HEY's Pre-Launch Landing Page

HEY's Landing Page is a great example of the "manifesto-style" pre-launch page to collect signups. It's becoming more and more common for startups to start with something like this that focuses entirely on the problem and teasing how it will be solved.

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It starts with a clever resemblance to how an email usually begins: "Hey, ..." But notice that email is stated in the very beginning. In these manifesto-style landing pages, it's critical to start positioning yourself as early as possible. Otherwise, you'll risk building up an idea in the readers' heads that could be totally different from what you're building.
They jump straight into stating the problem and agitating the pain. This is critical context when you're introducing a new product and building up the logic for why it should exist.
No matter what you’re selling, your most formidable obstacle is the adherence to the status quo. Your primary obstacle is a voice inside people’s heads that goes, "We’ve gotten along just fine without it, and we’ll always be fine without it." How do you overcome that? By demonstrating that something has changed in such a fundamental way that it can't be ignored.
One of the most powerful ways to turn prospects into aspiring heroes is to pit them against an antagonist. Luke fought Darth Vader. Marc Benioff squared off against on-premise software. Name the enemy. Criticizing the alternatives creates a narrative that they're part of the problem and the cause of the pain.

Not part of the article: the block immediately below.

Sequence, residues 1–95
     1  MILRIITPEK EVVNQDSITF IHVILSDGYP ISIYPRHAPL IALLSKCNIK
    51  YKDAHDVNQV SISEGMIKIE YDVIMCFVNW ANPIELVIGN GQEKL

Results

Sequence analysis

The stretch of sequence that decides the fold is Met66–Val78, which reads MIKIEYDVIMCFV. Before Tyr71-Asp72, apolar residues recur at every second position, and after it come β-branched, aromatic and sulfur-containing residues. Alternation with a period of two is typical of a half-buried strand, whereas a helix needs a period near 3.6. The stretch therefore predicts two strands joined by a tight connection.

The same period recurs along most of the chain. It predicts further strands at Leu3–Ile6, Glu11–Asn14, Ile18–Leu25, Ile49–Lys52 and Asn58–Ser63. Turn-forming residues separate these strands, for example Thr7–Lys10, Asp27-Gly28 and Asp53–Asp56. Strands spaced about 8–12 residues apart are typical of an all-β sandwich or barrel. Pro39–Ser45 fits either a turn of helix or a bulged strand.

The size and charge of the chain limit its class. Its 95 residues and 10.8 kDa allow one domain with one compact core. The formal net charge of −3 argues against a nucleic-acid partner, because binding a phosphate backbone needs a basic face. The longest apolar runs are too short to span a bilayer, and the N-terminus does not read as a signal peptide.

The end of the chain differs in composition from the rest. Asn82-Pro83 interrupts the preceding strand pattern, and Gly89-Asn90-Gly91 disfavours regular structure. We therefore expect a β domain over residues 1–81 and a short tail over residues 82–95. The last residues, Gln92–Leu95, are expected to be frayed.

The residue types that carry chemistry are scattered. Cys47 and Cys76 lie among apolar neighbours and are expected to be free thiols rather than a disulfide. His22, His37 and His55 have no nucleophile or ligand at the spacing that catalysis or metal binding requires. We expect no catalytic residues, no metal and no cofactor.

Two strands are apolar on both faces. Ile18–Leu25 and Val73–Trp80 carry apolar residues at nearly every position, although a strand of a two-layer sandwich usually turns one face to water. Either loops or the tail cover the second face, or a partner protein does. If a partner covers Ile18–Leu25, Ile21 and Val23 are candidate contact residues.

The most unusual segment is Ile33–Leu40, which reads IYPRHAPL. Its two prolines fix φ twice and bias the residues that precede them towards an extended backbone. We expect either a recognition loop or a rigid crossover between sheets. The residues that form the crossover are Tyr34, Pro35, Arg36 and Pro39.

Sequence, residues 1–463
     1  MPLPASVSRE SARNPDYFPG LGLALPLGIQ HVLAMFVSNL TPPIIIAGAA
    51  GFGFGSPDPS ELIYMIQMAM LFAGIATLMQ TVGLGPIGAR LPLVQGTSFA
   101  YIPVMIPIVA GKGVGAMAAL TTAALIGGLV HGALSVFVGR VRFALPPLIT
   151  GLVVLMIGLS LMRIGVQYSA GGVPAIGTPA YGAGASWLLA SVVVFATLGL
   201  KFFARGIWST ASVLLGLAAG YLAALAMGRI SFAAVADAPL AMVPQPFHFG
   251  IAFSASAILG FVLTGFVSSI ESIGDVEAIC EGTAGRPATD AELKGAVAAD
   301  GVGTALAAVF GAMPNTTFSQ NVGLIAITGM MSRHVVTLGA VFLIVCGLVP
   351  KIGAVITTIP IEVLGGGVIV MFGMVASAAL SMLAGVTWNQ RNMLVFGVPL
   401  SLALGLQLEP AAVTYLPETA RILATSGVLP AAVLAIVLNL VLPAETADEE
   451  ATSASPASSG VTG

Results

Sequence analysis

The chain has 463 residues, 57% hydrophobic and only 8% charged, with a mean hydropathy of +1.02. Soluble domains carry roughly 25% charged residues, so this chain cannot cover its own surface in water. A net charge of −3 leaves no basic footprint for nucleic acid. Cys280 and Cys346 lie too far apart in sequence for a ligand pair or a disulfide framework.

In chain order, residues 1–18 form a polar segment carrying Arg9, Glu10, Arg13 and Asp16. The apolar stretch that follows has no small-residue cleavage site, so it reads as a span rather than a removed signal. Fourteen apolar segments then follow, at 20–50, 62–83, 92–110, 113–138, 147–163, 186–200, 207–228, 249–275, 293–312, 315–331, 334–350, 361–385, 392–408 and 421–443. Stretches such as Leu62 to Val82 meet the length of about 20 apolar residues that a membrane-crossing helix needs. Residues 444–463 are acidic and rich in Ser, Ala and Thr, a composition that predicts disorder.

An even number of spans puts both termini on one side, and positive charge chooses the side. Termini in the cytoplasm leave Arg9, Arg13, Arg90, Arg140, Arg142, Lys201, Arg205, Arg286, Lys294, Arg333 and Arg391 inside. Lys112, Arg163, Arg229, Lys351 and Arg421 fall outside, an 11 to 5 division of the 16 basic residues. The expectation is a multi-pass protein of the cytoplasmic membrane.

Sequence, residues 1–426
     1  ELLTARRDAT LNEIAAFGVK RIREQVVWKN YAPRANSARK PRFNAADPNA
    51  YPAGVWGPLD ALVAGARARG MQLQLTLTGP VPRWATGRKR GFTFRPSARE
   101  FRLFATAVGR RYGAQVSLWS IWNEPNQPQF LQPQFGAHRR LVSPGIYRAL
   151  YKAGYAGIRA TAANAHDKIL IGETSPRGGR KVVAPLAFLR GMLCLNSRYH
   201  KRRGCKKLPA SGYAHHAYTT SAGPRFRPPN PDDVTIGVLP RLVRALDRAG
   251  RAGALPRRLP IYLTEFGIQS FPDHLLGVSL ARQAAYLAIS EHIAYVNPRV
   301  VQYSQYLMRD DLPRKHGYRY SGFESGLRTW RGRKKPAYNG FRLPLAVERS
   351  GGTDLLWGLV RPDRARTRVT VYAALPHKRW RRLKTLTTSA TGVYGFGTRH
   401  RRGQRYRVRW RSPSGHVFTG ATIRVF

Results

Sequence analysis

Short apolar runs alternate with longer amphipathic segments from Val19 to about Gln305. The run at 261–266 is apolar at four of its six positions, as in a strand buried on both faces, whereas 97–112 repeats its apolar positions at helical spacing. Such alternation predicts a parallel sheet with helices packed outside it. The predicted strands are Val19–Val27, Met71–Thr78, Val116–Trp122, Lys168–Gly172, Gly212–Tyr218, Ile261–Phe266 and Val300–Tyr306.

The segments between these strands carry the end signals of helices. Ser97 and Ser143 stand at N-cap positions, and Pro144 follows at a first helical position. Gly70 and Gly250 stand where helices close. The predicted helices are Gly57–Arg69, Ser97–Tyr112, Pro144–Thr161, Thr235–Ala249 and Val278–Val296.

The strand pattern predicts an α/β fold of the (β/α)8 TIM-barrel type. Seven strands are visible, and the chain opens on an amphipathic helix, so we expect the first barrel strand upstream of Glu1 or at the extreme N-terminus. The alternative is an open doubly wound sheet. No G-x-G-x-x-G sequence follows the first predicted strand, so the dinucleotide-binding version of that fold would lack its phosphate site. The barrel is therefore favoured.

Now, they talk up the beauty of email. They start painting a picture of what *could be*. Instead of jumping straight to what they're building, they're teasing the "Promised Land", AKA the promise of the new solution.
Notice how they never mention "you". "It" (email) deserves a dust off. "It" (email) deserves a renovation. I think this creates affinity for the solution. It moves the conversation away from "I deserve better email" to "We all deserve better email" in a cult-like fashion (in a positive way).
Now, they finally speak to the solution, but it doesn't say anything about features or benefits. Instead, they simply state that HEY is the antithesis of the problem.
A "love letter to email" is pure genius. I love how personal and emotional it is. They also tease the release date as well as the platforms it will be available on.
As a bonus, they link to their full analysis of everything wrong with email. This essentially serves as everything they set out to solve with HEY. Think of it as an appendix of sorts!
Finally, the page concludes with a CTA to email an email address to get on the waitlist. Since this is an email client we're talking about, it only makes sense. I also love that they ask the reader to talk about their experience with email, good or bad. I'm sure they have thousands of "voice of the customer" fodder they can use for all marketing in the future, as well as to use for new feature ideas and validate current assumptions.
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